- Phase 1 – Identifying the gaps, current solution and opportunity.
- Phase 2 – Finding the Co-founder
- Phase 3- Finding the CTO
Phase 1 – Many small and medium enterprises would approach us seeking help during our Zilingo days. But because of certain limitations, we were not able to help them. I could sense an opportunity there. I could see the small-scale manufacturing industry is still waiting to be digitised. I figured out there is immense potential in it and went for it.
Phase 2 – The second inspiration was my Co-Founder & COO Pratik. An industry expert with great knowledge and network in garment manufacturing.
Phase 3 – The third was, of course, finding Ridam, who is my co-founder and CTO. I consider technology as the true differentiator of a business. Without technology, any B2B Business is fundamentally an offline trading company.
YC: Any suggestions to the founders who are probably looking for Co-founders or CTOs?
Subin: Anyone looking for a Co-founder or a CTO should check for two basic things:
1. If he/she is interested in the sector you are planning for and,
2. If he/she also sees the same opportunity and believes better solutions can be built to solve the gaps.
This worked for the three of us at Groyyo. Manufacturing was the connective layer among us. We all had the fundamental belief that “SMEs and micro-manufacturers across Asia need digitalization and there is a gap as well as an opportunity there”. Based on our experience we also agreed upon the thought that relentless execution is the key to success.
YC: What is Groyyo? Which part of SME are you currently focusing on?
Subin: There is a rise and dominance of D2C brands. There is a pressing need for transparent, compliant, quality manufacturers who can be affordable and scalable. This made us go after life-manufacturing, with apparel and home textiles as our key categories.
What we do in a nutshell is;
- We help our factories get more revenue, we help them increase their sales.
- We help manufacturers optimise their procurement. Whatever raw materials they need to manufacture the goods, we help them procure that.
- We help them enhance their factory floor. This is through more of our tech layer and our SaaS offerings.
We are the end to end partner for all three pain points of SME Manufacturers.
Groyyo also specialises in connecting manufacturers across nations and within the country. It is currently focusing on increasing efficiency for its factory partners, boosting 15% in revenue and 20% profitability.
YC: What were the initial challenges?
- The initial challenge for us of course was COVID 19. We set up during the second wave, and our customers were the low-end manufacturers. This was an initial hindrance, and we adapted accordingly.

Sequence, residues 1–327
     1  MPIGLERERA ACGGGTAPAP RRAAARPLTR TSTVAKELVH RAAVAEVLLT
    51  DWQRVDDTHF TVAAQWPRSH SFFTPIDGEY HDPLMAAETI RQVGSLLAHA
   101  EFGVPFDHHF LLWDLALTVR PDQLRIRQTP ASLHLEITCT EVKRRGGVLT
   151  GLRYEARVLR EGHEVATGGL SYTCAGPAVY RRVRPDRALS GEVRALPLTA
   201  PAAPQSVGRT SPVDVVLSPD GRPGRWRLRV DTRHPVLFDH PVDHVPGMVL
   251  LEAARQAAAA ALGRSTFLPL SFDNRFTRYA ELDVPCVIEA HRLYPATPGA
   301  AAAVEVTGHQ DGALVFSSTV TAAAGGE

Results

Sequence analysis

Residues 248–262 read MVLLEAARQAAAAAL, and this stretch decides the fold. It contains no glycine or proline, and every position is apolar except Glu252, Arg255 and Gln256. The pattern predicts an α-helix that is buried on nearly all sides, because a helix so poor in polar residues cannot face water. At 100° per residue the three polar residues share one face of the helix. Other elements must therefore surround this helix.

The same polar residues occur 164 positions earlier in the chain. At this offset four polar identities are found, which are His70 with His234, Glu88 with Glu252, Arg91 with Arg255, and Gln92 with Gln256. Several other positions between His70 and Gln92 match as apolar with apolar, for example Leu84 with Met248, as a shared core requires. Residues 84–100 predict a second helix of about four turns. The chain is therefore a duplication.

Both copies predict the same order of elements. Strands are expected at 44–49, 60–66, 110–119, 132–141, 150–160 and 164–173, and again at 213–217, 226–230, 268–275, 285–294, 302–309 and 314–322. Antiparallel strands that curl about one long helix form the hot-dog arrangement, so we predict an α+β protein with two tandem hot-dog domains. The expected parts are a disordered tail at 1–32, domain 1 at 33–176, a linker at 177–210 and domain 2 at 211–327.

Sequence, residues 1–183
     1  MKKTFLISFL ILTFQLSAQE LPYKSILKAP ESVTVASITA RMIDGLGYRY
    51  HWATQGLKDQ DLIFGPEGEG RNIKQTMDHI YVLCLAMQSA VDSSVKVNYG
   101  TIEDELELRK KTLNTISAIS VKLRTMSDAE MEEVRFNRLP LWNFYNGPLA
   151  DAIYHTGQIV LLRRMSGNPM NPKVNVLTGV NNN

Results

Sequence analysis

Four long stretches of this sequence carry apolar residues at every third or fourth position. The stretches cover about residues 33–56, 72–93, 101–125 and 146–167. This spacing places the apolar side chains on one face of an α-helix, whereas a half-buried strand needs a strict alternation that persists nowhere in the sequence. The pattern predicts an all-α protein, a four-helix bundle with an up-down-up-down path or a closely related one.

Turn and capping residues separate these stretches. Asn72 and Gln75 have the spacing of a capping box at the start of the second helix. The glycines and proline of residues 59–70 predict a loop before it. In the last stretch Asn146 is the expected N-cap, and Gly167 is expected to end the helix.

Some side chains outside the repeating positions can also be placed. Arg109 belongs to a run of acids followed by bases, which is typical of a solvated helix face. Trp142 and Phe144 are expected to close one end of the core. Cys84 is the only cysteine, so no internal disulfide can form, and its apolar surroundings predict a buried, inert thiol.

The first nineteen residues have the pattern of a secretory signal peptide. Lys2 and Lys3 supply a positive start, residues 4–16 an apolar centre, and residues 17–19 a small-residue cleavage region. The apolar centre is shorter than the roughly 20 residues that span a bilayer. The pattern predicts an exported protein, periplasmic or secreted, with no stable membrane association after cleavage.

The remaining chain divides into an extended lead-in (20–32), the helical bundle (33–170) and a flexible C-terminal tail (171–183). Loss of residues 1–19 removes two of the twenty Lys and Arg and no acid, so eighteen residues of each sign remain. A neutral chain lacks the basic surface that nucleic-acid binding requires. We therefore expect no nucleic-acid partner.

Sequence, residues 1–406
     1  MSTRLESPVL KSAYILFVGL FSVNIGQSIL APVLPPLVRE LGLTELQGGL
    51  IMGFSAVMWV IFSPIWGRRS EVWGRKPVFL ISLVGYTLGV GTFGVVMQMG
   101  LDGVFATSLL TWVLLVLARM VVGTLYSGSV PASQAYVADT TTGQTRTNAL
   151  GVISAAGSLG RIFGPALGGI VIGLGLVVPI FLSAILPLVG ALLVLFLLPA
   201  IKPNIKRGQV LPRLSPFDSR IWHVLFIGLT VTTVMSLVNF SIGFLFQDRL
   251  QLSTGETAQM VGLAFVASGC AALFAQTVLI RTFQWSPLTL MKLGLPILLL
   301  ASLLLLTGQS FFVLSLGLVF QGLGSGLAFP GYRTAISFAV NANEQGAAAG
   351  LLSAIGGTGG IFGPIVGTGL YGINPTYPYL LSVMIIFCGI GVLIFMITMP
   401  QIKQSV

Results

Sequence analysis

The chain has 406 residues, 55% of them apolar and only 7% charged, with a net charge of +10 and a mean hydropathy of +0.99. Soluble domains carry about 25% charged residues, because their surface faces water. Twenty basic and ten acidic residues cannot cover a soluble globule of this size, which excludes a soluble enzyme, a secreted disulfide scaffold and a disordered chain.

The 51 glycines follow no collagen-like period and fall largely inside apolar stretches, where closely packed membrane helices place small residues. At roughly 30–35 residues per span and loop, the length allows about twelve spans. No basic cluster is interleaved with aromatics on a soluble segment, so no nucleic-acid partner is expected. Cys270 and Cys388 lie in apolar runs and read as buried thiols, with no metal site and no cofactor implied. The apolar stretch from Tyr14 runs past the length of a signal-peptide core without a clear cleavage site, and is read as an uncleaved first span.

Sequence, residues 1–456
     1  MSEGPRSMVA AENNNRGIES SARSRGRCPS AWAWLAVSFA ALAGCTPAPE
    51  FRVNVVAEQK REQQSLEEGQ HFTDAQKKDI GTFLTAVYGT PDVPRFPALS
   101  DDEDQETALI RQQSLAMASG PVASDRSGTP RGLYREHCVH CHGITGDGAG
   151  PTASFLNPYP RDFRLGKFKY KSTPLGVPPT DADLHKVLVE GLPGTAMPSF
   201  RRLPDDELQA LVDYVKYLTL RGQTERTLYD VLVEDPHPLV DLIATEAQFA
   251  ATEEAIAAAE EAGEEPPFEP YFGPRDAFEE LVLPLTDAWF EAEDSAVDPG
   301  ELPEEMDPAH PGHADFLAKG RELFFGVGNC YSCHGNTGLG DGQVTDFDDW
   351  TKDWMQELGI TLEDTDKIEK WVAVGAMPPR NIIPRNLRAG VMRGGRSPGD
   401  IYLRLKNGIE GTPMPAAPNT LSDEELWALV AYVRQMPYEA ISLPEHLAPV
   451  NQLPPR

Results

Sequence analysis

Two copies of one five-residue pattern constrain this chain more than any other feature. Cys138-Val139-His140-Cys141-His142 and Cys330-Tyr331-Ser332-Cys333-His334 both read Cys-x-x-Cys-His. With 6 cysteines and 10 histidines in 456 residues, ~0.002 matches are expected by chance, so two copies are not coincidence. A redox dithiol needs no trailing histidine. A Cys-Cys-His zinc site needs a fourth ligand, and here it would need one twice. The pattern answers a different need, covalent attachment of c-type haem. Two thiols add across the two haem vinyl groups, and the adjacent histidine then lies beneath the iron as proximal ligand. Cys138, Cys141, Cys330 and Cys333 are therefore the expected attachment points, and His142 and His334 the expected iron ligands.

- Resources. We have a significantly large team now, but initially, it was just the three of us. This slowed us down.
- Aversion to technology. These businesses are not friendly towards technology. They were more like, “we have nothing to do with technology”. So convincing them for tech adoption was a challenge.
YC: The funding journey.
Subin: We bootstrapped initially. The idea was to build something on our own, figure out the dos and don’ts. We wanted to prove to ourselves that we can execute on the ground. I consider it unfair to get money from investors and then try to figure out what to do.
When the time came for funding, I was very privileged. A lot of my batchmates and seniors at Bain community had gone into Venture Capitalists. Another advantage was that the market was good. We started at a very good time when the startup ecosystem was booming. We also got a lot of support from my friends and peers. All this honestly gave me an edge.
YC: What are your suggestions to the young entrepreneurs?
- Don’t waste a lot of time at the idea stage. Ideas in a startup are not that useful. It’s all about execution. Get on the ground and start executing. It will teach you more than research and ideas ever do.
- Don’t do it alone. Being a founder is a scary journey, and you should not be on that journey alone. Finding a co-founder is more important than raising funding or getting customers.
- Ask for help. If you don’t know something, ask for help and don’t be shy. Everybody doesn’t know something or the other. My experience suggests that people in the startup ecosystem are super helpful.
- Be connected to your customer. Have awareness of the changes on the ground and stay connected to your customers. Your goal as a founder is not to raise funds and increase your valuation. It is to make your customers’ lives better.
YC: Can you please talk about Marketing strategy at Groyyo?
Subin: It’s important to understand how marketing operates in one’s space. We realised very early that SEO, SEM, or digital marketing is not that important for us. None of our factories is on Instagram checking ads. Marketing for us is people-centric. My advice would be to figure out how and where to approach your customer and act accordingly.
YC: What is your sales pitch to potential clients?
2 min sales pitch…
Subin: “We will help you get more orders for the products you manufacture”.
We would never tell them that we will help you digitise your factory or procure raw materials. We will always pitch, “we will help you get more orders for your stuff!” They tie everything into cash flow and are willing to go for things that would increase their revenue. It’s a trade-off, where they don’t trust you very easily. Once they trust you, you can sell anything to them.
YC: How do you see Groyyo in the next few years? How is competition in the industry?
Milestone 1 – End of 2022, we see ourselves working with 1000 manufacturers.
Milestone 2 – End of 2024, we aim to reach 10,000 customers.
Milestone 3 – End 2027 , cross the million mark.
Quite ambitious, but we believe in this relentless execution.
We have a few competitors. None of them are into SME manufacturers though. We have the first movers advantage, so we have to make the most out of it.
We are now building our presence in Bangladesh, the United States, and the Middle East. We have also realised that Environmental, Social and Governance (ESG) is a critical problem statement and are focusing on it.
1.No child labour in our partner factories.
2. Have basic fire safety norms established.
3. Our factories have labour data tracked on our app.
YC: Any suggestion for others to conclude with?
Subin: Have more faith in future entrepreneurs who believe in the startup ecosystem. Don’t be wary of doing cold LinkedIn, reach out. You will be surprised that in most cases people come forward to help you. Have faith in yourself and have faith in the other person to help you! With relentless execution to accompany your efforts, you will find success!
It has been great talking to you. Yellow Chapter wishes you all the very best for your future.
Interviewer: Divya Jain